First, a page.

"Addictive, smooth and sophisticated British phaser"
The Evil Twin phaser rack effect module compares to the Lovetone Doppelganger pedal. Lovetone pedals like the Doppelganger were made in small quantities in 1995 - 2001. They are noted both for their high quality and their "break the rules" designs. The Doppelganger is a complex phaser/vibrato pedal that takes some time to figure out. But once you get the hang of it, you get some of the smoothest, coolest phaser and vibrato tones available. Originals are worth seeking out, even with their four-digit price tags. Our GT Evil Twin makes this amazing effect available again with a much more affordable price.
Lovetone built a selection of outstanding, high quality boutique pedals in the small town of Henley-On-Thames from 1995 to around 2001. During that time, they managed to set the pedal business on its ear with their imaginative designs sporting lots of controls. Their Doppelganger was no exception. At its heart is a 4-stage optical phaser. What's unique is that the phasing is controlled by two separate LFO circuits, along with a variety of controls for the wave and tone. There were two versions of the Doppelganger, the second adding an extra slow control and square wave control to LFO 1, along with a direct out jack. Our GT Evil Twin compares to the second version of the Doppelganger. It has the same great audio circuit, but with a few tweaks to simplify its usage and complexity without losing any of its sonic goodness. The Doppelganger has been used by numerous artists including The Edge, Jimmy Page, members of Radio Head, Kirk Hammet, Johnny Marr of The Smiths, and others. The originals were pricey for their time, and the low production quantities and their popularity make them pretty expensive, although not too difficult to find, today.
With the dual LFO design and numerous controls, the range of phaser/vibrato effects you can create defies description. With the possible exception of when the Rates are set to their highest, almost every combination of settings could reasonably be used. There aren't a lot of "spacey" or "seasick" settings to avoid. It is tempting to describe most of the available tones as "subtle", but that's not quite right. They can be very distinctive and obvious. You won't get those extreme, over-the-top phasing sounds, or the jet whoosh, though. It might fit in best with music that is slower and has some space between notes to allow this effect to shine - blues, country, ballads, folk, pop/classic rock, psychedelia ala Pink Floyd should all be great. However, you'll need to carefully note your favorite settings so you can get them back. For phasers, this one is pretty quiet as long as you don't allow too much noise into your input signal. The sound is obviously going through some filters, but the result is very pleasant and "clean-sounding", giving you the feeling you are definitely playing a quality effect. You can probably overload it and get some distortion - maybe you want to, maybe you don't - but it "plays warm and clean". It's similar but different from a Univibe (our SwirlOVibe), but you might use it for the same types of music and in a similar manner. A very cool and addictive effect, for sure.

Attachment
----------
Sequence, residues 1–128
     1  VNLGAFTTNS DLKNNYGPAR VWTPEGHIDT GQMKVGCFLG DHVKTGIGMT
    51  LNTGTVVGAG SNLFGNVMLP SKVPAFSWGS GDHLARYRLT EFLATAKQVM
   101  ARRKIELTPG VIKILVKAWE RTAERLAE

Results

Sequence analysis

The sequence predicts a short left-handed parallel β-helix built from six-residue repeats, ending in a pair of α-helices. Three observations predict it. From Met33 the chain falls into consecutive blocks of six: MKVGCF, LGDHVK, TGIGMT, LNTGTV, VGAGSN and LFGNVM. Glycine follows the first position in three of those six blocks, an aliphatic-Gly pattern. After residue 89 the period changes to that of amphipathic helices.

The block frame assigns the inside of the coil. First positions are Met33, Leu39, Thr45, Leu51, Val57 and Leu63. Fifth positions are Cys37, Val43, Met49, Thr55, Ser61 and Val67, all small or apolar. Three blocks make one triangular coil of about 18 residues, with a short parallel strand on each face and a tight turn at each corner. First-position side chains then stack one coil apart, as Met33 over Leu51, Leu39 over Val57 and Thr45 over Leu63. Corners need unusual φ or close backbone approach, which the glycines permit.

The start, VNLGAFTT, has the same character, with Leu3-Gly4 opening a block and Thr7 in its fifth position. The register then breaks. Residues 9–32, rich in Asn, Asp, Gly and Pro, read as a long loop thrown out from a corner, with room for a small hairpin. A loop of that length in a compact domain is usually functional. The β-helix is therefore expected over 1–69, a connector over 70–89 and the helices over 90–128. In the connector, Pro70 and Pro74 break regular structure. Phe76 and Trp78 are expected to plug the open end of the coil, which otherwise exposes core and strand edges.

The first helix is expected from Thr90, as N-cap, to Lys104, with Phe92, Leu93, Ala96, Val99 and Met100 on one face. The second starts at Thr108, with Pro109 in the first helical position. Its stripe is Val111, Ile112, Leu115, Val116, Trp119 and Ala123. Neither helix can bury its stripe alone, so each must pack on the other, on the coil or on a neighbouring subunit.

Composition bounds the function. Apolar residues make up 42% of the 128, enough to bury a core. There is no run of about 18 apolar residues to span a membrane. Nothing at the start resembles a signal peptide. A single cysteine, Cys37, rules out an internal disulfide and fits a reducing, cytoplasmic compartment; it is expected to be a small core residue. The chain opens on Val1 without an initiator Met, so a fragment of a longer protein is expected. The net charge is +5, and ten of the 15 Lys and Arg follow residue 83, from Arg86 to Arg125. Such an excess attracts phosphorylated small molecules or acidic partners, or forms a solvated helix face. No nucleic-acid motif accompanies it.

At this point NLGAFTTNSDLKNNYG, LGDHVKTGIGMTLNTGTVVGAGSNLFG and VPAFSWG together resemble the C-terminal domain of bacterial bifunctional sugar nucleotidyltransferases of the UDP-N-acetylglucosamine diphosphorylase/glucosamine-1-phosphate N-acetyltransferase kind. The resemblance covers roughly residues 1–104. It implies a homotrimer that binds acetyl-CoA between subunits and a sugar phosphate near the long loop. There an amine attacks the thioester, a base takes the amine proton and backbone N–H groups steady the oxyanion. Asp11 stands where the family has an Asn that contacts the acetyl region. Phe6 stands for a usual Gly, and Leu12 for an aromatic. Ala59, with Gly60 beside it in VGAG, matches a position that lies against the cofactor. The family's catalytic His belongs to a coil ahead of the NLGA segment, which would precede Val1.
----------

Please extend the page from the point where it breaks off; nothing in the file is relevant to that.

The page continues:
While our Evil Twin gives you all the tonal options of the Doppelganger, we have made changes to some of the connection options to better fit into our rack-based line of modules. Even after these changes, the Evil Twin is still one of our most complex and widest modules at 3" with a dozen or so controls. Here are the details.
The Doppelganger has Dry and Effect Out jacks, making it "stereo" when the effect is in use. Really though, it is just dry (out of phase) and wet paths. There were also jacks for expression pedals to control the speeds of each LFO. And there were switches to control whether the signal went through the pedal when it was on or off, and whether it went through an internal buffer or not, and a related feature that we'll get to in a moment.
We've dropped off the Dry output. You can get that functionality by putting an ABY splitter (ABY) in front of the Evil Twin to give you the wet path through the effect and the dry path from the splitter if you want "stereo". So nothing is really lost, you just do it differently.
We also dropped the jacks for the LFO expression pedal controls. Adding the extra jacks on the front panel and extra connectors to the board both cause space (module width and board size) problems. The module is already 3" wide, after making changes to keep it reasonably compact. However, if there is enough interest we could probably make the expression pedal jacks available with a bit of work.